- November 18, 2016

Get to Know Central Texas Dinosaurs at this Weekend’s Fossil Fest

This weekend marks another chance for Central Texas families and paleontology fans to take a big step back in time at Austin Paleo’s annual Fossil Fest in Round Rock. This is an incredible learning opportunity for everyone, and for just $3 for adults and $2 for children, it’s a very inexpensive day of fun and learning. This year’s show focuses on prehistoric sharks, and the event includes guest speakers, the chance to meet scientists, hands-on demos and fossil tables, exhibits, door prizes, and more.

Texas is no stranger to dino discoveries. Austin even has its own Cretaceous-era geologic formation named after it: the Austin Chalk. According to Wikipedia, the Cretaceous period is marked by a rich fossil record in Texas, due to alternating rising and falling of sea levels. This left a variety of life from sea and land to be preserved in the fossil record. Cretaceous vertebrate life of Texas included birds, dinosaurs, fish, amphibians, and reptiles. This vertebrate life resulted in a wide variety of fossils, the most common including echinoids, gastropods, cephalopods, and pelecypods.

Here are just a few of the interesting creatures that roamed the areas where we walk our dogs and listen to live music.

Pawpawsaurus: Earlier this year researchers from Southern Methodist University in Dallas published a study about a Texas dinosaur with what is likely to be the cutest name given to a dinosaur ever in all of history: the Pawpawsaurus. Now, the Pawpawsaurus probably didn’t suck on hard candies or spend his Sundays doing crossword puzzles, but it did have an armored plate along its back and eyelids similar to its cousin the Ankylosaurus. The new research reveals, however, that the Pawpawsaurus didn’t have the club tail that its cousin did, instead having to rely on a keen sense of smell to thwart predators. This dinosaur’s range was in the Tarrant County area.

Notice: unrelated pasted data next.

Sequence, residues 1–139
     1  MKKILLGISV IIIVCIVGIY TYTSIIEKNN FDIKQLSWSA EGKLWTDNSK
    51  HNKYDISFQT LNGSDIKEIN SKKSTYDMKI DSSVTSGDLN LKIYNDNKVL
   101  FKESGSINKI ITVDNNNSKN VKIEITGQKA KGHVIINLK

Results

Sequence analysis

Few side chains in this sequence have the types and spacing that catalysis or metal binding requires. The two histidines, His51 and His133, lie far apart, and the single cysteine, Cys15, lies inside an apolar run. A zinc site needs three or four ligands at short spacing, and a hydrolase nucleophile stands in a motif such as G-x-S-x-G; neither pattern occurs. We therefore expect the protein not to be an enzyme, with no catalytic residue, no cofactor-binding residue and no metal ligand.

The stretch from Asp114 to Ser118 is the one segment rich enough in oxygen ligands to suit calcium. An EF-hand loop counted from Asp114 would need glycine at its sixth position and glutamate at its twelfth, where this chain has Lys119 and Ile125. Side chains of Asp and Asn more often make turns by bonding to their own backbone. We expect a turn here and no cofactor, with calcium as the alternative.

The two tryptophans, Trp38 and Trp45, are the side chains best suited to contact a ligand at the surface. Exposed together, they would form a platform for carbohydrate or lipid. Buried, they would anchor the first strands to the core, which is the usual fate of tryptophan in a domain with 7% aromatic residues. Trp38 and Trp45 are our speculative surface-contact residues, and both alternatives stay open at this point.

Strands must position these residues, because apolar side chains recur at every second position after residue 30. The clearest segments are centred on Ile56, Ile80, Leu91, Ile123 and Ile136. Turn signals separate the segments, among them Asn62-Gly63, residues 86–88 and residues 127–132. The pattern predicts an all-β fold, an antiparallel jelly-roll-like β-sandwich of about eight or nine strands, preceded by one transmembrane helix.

Brachauchenius: This carnivorous reptilian sea creature lived during the Turonian stage of the late Cretaceous with a range included the Western Inland Sea of North America (which included Texas). His name means ‘short neck,’ though the rest of him wasn’t particularly short-he is estimated to have measured up to around 40 feet long. He has the unique distinction of being the last known pliosaur in North America.

Leptostyrax macrorhiza: In 2015 an accidental discovery unearthed another enormous sea creature, this time a 20-foot shark believed to be one of the biggest predators of its time, according to Nature World News. It was previously believed that the pliosaurs were the only large sea creatures of the time, but this new discovery shows that this massive shark could grow up to around 32 feet long, giving the pliosaurs a run for their meat-eating money.

Heart urchins: OK, so these guys are giving the Pawpawsaurus some competition in the adorable name category. The heart urchin also looks kind of fuzzy, making it even cuter. It gets its name because its unique features include a mouth on one end and anus on the other, making it bilaterally symmetrical, resembling a heart.

Bonus: Though they lived much, much later in the Geologic Time Scale than the Cretaceous, it is worth noting that Central Texas was home to REAL LIFE DIRE WOLVES in the Late Pleistocene era. These prehistoric canines are estimated to have weighed between 130 to 240 pounds (different scientists had different takes on their weight possibilities). Regardless, they weren’t actually the massive beasts that “Game of Thrones” brought to life considering that some of the world’s larger dogs like Great Danes (upwards of 200 pounds) and English Mastiffs (upwards of 250 pounds) outweigh them. Still, it’s nice to think of Ghost or Nymeria running around Central Texas tens of thousands of years ago.

Featured photo from Wikimedia Commons, Creative Commons licensed